3)  I presume that my father carried on another custom from his father, who was trained in the Lithuanian yeshivot.  How do you dip maror in charoset?  Since charoset is seen as a custom, not a mitzvah, I think there is a lot of variation on how this is accomplished.  My father taught us to mix some wine and charoset in a small cup, making a thick liquid.  Next, we wrap some charoset and maror in a piece of Romaine lettuce (which can also be considered maror).  Then, we dip our “wrap” into the charoset/wine “dip” and eat it.  Again, I have not seen anyone else do this and it is a custom that was probably unknown to Maimonides since it is not in his writings.
This year, it no longer seemed practical to bring my father to our house for the seder.  But there was no way I was going to have a seder without him!  So we arranged to run a short seder at his dementia care home, Cohen Rosen House (part of the Hebrew Home in Rockville, MD).  We gathered about fifteen (out of 18 residents) several family members, and all the staff in the dining room.  We sang the core songs, including kiddush and Mah nishtanah.  I instructed everyone to make their wrap and dip.  And even though no one else did it, I still felt better doing it in my father’s presence.  Several residents sang Hebrew texts correctly — even though they have a hard time conducting a lucid conversation in English. It was beautiful and meaningful for all of us.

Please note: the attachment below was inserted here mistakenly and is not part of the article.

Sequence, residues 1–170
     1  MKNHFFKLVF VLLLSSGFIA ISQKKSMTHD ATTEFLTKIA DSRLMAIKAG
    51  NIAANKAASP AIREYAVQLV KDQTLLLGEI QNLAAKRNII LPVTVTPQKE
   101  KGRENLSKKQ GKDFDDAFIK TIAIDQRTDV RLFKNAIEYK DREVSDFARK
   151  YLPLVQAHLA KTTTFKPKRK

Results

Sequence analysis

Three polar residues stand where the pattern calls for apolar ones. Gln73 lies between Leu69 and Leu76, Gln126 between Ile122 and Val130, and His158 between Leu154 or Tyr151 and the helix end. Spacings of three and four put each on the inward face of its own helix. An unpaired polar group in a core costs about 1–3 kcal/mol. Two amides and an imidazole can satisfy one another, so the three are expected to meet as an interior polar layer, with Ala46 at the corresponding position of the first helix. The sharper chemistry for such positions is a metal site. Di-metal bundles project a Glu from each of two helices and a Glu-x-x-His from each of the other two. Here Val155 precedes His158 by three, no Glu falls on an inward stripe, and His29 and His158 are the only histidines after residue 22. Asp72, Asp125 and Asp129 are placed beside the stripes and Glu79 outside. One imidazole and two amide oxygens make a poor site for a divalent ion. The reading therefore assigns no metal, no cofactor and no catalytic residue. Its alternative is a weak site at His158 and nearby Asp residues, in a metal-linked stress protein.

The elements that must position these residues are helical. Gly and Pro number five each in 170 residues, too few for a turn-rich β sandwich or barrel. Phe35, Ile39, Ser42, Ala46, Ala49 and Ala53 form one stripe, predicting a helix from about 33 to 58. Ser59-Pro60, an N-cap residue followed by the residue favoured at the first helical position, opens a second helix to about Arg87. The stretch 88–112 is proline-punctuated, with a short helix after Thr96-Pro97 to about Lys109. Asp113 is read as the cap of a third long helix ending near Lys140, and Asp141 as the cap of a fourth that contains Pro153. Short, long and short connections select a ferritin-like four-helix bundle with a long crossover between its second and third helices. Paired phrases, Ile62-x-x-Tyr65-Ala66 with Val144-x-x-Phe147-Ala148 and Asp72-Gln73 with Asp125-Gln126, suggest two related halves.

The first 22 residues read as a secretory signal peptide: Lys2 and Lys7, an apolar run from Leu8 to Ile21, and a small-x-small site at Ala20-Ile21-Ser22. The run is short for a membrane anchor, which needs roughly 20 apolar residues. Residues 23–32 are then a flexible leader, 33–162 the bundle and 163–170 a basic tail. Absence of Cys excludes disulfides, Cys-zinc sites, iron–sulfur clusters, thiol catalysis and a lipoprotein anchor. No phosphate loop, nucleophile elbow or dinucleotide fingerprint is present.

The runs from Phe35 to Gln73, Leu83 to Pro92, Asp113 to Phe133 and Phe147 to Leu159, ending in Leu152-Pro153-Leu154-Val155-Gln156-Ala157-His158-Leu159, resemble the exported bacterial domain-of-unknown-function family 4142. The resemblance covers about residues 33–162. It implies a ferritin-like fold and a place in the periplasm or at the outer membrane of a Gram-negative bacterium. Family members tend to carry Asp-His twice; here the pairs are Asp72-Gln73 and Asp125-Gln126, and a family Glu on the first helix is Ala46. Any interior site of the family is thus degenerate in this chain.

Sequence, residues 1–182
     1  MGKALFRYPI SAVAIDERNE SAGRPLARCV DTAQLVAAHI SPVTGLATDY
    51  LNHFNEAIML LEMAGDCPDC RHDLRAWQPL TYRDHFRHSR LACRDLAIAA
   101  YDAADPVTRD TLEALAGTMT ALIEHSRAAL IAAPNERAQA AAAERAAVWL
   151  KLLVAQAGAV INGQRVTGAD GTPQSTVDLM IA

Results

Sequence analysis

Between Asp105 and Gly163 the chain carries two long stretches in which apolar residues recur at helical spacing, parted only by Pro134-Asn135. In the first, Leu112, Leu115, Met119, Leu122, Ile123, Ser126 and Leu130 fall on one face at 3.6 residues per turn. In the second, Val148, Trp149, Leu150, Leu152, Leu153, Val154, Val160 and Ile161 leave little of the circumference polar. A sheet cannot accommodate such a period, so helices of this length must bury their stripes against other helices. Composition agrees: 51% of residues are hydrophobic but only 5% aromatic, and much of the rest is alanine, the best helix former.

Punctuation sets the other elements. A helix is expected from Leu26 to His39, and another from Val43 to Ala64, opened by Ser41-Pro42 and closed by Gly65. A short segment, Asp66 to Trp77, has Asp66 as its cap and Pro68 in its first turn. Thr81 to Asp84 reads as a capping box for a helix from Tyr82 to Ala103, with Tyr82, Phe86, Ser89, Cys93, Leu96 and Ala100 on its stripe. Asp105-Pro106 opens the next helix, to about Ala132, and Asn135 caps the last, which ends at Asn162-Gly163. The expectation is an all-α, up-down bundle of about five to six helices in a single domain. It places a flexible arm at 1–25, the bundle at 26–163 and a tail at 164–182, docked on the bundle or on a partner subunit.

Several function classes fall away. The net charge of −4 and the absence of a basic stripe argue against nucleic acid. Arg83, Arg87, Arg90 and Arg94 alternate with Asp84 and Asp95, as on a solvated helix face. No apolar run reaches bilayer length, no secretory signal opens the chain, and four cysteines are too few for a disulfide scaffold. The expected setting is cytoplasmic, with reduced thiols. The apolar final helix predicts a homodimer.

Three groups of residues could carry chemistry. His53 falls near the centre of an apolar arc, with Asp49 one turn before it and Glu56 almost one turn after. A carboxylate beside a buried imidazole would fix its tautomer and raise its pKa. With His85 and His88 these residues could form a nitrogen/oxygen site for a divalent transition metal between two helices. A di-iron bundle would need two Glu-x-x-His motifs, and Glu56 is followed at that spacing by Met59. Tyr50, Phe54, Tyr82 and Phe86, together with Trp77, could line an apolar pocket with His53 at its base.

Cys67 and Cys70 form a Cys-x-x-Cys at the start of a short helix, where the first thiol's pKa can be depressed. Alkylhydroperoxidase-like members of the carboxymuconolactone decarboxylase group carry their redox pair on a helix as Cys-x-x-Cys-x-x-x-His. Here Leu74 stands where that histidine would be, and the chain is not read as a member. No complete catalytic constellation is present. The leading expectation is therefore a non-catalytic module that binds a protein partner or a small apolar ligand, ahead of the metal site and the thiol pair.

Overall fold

My parents both worked to make our seders beautiful and meaningful — as they worked to make our home life and Jewish observances equally beautiful and meaningful.   Singing Hebrew/Aramaic prayers/songs and discussing Jewish values were things we did in our home every week, not just once a year.  We cherish the traditions our parents carried on; we cherish our parents, and we try to convey their beauty and meaning to our children and grandchildren. It is a very strong inspiration to me.